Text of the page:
Hospitals already have to take extra steps to make sure patients are cared for and staff remain safe during natural disasters. But with a pandemic in full swing, hospitals in vulnerable areas have even more to consider when confronting this year’s hurricane season.
Ryan Miller is COO of CHRISTUS Southeast Texas Health System, which runs St. Elizabeth Hospital in Beaumont. He told Texas Standard that the hospital has had several months to hone its response to COVID-19, and that lead time was helpful once hurricane season hit. He said it would have been much harder had both emergencies come at once.
“If we had encountered coronavirus at the very beginning of the storm season, it would have been a different ballgame,” Miller said.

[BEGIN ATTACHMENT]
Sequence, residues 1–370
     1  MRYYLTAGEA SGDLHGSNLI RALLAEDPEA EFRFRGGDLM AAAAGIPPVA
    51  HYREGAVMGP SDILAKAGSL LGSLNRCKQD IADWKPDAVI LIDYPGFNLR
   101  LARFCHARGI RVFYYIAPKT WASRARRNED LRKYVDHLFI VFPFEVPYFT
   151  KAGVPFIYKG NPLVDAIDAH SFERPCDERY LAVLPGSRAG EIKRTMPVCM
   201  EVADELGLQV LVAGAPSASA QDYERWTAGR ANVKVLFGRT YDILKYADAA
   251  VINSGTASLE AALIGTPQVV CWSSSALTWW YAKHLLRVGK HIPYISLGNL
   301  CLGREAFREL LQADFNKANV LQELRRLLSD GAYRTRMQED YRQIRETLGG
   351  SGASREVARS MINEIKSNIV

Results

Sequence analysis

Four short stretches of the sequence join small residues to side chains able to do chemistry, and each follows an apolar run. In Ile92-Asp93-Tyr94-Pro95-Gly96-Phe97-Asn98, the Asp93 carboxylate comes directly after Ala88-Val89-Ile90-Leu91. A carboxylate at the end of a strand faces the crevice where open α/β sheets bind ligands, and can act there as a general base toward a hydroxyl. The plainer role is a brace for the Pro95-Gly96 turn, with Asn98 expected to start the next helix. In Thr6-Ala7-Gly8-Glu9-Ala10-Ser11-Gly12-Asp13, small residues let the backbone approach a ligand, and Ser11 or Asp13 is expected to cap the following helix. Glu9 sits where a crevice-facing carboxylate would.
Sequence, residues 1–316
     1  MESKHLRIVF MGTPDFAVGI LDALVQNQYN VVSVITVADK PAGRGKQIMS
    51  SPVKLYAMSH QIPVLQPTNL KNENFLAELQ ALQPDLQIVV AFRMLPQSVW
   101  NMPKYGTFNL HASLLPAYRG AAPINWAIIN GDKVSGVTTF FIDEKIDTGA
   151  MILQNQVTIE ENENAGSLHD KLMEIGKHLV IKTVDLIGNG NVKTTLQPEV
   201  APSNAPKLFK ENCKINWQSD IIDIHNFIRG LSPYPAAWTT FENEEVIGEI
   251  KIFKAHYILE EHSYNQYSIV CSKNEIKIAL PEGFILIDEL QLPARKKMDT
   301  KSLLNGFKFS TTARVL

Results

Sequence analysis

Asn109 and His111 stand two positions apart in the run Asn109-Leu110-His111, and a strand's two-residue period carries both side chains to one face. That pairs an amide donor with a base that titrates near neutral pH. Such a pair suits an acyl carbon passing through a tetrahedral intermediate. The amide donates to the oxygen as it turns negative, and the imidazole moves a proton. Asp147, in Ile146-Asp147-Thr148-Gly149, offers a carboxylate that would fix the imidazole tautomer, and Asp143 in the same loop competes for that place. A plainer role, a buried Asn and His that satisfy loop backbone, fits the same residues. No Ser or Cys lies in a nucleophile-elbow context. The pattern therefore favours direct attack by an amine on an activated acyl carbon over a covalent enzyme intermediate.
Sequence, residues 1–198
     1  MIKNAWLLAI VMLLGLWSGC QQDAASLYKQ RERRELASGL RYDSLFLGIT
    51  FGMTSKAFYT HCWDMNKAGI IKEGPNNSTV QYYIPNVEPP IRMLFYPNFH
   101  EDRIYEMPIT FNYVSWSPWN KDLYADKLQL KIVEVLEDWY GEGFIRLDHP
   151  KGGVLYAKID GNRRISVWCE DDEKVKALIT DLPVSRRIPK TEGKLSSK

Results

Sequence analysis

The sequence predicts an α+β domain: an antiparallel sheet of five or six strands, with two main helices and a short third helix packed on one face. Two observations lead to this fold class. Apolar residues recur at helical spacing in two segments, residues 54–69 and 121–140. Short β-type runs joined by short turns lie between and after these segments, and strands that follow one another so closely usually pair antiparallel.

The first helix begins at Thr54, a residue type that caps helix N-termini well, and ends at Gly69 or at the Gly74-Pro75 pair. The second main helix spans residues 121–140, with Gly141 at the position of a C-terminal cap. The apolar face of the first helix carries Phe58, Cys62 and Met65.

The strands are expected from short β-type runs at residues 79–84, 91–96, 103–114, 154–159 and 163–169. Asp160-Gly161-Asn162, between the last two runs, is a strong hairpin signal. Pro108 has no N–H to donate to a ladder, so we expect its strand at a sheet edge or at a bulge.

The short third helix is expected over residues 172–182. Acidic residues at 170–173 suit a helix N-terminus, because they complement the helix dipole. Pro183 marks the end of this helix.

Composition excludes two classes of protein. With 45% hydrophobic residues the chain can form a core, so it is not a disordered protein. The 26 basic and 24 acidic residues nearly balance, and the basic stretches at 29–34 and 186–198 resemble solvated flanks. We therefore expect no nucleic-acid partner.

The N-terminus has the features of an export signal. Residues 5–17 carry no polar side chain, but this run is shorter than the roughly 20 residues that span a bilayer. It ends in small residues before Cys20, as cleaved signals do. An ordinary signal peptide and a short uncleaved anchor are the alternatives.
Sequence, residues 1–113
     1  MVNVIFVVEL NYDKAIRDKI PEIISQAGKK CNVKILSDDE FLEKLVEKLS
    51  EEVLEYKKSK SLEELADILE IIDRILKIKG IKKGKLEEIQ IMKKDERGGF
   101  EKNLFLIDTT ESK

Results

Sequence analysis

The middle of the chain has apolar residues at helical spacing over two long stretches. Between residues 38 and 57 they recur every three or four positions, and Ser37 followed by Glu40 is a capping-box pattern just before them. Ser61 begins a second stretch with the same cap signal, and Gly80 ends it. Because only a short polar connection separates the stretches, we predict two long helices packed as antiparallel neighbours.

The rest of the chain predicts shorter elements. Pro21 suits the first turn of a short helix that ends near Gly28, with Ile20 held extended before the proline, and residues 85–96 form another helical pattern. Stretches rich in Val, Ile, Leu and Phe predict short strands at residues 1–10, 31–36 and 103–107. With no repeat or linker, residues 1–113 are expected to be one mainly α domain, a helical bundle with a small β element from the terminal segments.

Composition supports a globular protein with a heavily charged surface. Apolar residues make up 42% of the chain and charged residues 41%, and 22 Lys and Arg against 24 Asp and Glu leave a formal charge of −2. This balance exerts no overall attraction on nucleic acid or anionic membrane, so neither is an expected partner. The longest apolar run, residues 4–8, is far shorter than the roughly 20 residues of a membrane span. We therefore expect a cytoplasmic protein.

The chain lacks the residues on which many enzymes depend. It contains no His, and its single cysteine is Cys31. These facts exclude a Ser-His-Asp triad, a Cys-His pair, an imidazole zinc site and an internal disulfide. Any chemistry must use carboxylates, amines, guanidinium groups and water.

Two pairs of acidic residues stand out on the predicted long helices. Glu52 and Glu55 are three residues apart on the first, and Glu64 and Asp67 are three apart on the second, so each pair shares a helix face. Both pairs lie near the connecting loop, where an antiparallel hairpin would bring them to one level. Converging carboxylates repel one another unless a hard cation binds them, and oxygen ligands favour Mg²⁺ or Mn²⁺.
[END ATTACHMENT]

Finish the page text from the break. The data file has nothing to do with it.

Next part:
He said his hospital system has spent the past four or five months putting coronavirus protocols in place.
And because Hurricane Laura largely missed Beaumont, St. Elizabeth Hospital did not see nearly as many patients as it had planned for, Miller said.
“We have dodged a bullet, and while we were prepared for whatever might come through the doors, it’s been relatively quiet compared to what it could have been,” he said.
What you’ II hear in this segment:
– How St. Elizabeth Hospital is utilizing space and staff differently to keep patients spaced apart during the pandemic
– Whether St. Elizabeth Hospital is able to transfer patients to other hospitals, if needed, during a hurricane
– Whether St. Elizabeth Hospital will need stricter coronavirus protocols for patients returning from evacuation in other areas